Locals participate in WWI Coo-ee March re-enactment

Cobar brothers Leighton and Morgan Trudgett are walking from Gilgandra to Sydney as part of this year’s Coo-ee Re-enactment March. ▪ Photo contributed
Cobar brothers Leighton and Morgan Trudgett are walking from Gilgandra to Sydney as part of this year’s Coo-ee Re-enactment March. ▪ Photo contributed












Two Cobar locals were part of a group of 41 marchers who set off from Gilgandra last week to re-enact the World War I 1915 recruitment Coo-ee March to Sydney.

Brothers Leighton and Morgan Trudgett are retracing the steps of the original 515 km (320 miles) Coo-ee marchers who left Gilgandra with 26 marchers on October 10, 1915 in an effort to recruit more men to sign up for World War I. Morgan said he heard about the planned re-enactment march more than a year ago from a family member who was living in Gilgandra at the time and decided it was something he’d like to do.

“It’s one of those once in a life experiences.” Morgan told The Cobar Weekly.

He said while he did a bit of training for the march he and many others were suffering with lots of blisters at the start.

“The first day was really hard. It was really hot and we didn’t set off until about 1pm after all the celebrations and we had to walk 19km. It’s getting easier now,” he said on Sunday.

The 2015 re-enactment marchers will be on the road for 26 days, walking an average of 25-30km per day.

Morgan said as they are not permitted to walk on highways they have to take a longer route and will have covered 640km by the time they march into Sydney on Remembrance Day.

Along with the blisters from walking in boots as the original marchers would have done (not sneakers), they are also camping out at night.

“We roll out our swags, sometimes there’s been halls for us to stay in,” Morgan said.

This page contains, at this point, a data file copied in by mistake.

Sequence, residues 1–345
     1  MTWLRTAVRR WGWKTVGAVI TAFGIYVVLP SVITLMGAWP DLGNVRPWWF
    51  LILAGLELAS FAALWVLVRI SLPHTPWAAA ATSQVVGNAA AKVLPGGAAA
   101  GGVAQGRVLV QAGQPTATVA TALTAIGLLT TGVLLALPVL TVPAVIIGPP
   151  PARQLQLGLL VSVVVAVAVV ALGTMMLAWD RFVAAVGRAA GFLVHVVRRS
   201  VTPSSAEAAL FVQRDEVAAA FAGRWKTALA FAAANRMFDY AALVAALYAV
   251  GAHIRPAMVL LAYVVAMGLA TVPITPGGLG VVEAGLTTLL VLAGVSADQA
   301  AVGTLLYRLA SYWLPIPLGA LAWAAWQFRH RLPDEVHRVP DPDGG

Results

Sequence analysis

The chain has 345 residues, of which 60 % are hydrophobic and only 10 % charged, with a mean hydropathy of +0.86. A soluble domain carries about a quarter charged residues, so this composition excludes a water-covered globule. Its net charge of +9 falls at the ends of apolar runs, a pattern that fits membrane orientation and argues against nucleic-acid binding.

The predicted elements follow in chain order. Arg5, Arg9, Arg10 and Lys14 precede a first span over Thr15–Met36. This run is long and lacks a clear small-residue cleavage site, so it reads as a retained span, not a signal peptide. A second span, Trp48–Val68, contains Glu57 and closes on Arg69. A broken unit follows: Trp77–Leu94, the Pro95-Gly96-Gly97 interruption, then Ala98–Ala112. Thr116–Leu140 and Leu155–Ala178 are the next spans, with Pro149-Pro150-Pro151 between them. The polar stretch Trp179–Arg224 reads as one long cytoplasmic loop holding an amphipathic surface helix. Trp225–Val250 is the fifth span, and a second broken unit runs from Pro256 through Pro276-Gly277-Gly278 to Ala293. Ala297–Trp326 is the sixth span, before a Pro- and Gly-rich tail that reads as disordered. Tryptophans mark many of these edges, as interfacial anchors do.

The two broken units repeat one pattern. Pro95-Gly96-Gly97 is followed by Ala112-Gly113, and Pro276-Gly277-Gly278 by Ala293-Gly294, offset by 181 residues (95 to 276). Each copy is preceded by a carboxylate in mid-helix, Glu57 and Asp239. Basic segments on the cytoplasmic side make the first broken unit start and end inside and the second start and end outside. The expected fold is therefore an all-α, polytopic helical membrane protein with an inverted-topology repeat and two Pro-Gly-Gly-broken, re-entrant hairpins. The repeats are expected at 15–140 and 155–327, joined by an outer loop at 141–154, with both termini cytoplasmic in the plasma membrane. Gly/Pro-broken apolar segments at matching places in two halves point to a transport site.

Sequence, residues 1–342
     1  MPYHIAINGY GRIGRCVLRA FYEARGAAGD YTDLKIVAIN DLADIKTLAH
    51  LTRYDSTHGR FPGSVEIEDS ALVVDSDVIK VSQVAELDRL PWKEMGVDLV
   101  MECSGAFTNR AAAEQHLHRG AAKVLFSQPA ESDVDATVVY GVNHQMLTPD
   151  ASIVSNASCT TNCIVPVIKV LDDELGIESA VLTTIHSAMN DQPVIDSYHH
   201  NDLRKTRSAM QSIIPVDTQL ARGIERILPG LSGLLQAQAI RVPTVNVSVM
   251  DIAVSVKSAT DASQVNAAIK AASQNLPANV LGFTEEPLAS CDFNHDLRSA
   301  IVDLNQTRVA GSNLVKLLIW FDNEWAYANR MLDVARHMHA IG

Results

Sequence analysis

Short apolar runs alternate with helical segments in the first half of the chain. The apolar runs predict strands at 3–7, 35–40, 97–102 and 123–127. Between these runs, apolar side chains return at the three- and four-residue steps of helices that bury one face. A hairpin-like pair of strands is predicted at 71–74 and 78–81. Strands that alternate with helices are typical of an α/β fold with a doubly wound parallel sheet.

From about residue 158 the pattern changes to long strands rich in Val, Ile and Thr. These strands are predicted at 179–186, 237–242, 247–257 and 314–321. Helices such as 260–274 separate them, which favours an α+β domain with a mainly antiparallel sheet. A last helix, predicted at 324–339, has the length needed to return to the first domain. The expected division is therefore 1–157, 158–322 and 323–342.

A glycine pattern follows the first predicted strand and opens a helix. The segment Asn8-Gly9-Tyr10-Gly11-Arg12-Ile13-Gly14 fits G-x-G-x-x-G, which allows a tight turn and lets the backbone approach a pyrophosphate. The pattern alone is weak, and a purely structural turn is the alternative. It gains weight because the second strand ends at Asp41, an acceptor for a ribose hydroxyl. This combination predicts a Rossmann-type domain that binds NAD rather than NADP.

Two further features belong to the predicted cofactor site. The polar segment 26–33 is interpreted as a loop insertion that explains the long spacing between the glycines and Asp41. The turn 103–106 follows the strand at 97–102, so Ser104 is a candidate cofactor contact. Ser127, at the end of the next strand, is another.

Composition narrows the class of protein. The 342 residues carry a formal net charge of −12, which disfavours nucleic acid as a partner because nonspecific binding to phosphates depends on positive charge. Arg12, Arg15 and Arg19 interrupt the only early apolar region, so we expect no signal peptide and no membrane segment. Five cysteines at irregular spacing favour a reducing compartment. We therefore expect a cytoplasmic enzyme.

He said like the original 1915 march and the 1987 re-enactment march, they too have been gaining support from all the towns they have travelled through.

“The support has been really great,” Morgan said.

By the time the 1915 march had arrived in Sydney on November 12, its numbers had increased from 24 to 263 marchers.

“The success of this route recruiting march started a snowball of other similar recruitment marches in late 1915 and early 1916 in New South Wales and Queensland: the Waratahs, Kangaroos, Wallabies, Dungarees, Men from Snowy River, Kurrajongs, Kookaburras, North Coast Boomerangs, and Central West Boomerangs,” according to the Coo-ee March 2015 Re-enactment website.

Following the success of the 1987 Coo-ee March Re-enactment this year the Coo-ee March 2015 Inc. (Gilgandra Sub-Committee) organised another as part of the 2015 Anzac centenary commemorations. The first march had been planned and executed by Bill Hitchen and others, as a means of increasing recruits to fight for King and Country in the Great War, following the devastating casualties of the Gallipoli Campaign.

The 2015 re-enactment is significant to every community in which the march passed through, to remember all of the young men who stepped into the ranks of the “Coo-ees” following the recruiting speeches and calls of “Who will join us?”, and the support that their local community provided during the march.

The 2015 Coo-ee re-enactment march will end in Sydney on Remembrance Day.